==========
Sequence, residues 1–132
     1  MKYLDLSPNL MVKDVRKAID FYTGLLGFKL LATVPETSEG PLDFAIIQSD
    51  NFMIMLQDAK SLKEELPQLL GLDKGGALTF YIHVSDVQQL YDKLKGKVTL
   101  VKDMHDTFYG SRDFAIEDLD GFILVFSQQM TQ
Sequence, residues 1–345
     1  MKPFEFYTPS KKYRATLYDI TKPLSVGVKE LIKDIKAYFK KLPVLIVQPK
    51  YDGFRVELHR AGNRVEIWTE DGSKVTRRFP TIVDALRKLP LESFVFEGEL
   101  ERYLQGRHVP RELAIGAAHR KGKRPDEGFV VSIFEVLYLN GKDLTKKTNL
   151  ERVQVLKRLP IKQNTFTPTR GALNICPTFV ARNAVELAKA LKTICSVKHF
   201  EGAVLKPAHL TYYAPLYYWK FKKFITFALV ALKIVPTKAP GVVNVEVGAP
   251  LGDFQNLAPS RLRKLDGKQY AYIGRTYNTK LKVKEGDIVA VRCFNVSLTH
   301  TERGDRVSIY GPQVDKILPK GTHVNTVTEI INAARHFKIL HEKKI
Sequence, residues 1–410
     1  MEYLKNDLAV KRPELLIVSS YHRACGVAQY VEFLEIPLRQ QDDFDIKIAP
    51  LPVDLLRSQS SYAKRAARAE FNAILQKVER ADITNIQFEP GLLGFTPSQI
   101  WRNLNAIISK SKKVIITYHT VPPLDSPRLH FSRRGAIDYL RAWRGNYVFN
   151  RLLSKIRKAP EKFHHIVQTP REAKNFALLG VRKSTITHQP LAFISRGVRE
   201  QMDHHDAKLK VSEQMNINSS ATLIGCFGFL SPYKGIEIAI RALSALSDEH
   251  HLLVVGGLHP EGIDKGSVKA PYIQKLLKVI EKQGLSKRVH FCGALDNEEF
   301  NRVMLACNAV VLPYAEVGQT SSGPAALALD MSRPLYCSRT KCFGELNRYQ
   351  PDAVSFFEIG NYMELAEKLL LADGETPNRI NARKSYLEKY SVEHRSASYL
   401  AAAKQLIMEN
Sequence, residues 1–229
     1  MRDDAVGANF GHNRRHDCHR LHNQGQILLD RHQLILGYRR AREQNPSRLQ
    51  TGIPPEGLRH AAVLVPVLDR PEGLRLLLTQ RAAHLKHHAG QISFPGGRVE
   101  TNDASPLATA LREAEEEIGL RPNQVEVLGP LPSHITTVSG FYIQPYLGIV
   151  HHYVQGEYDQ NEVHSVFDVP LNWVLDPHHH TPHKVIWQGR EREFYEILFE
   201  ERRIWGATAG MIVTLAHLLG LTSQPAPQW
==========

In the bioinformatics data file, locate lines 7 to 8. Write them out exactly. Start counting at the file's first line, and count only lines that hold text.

    51  YDGFRVELHR AGNRVEIWTE DGSKVTRRFP TIVDALRKLP LESFVFEGEL
   101  ERYLQGRHVP RELAIGAAHR KGKRPDEGFV VSIFEVLYLN GKDLTKKTNL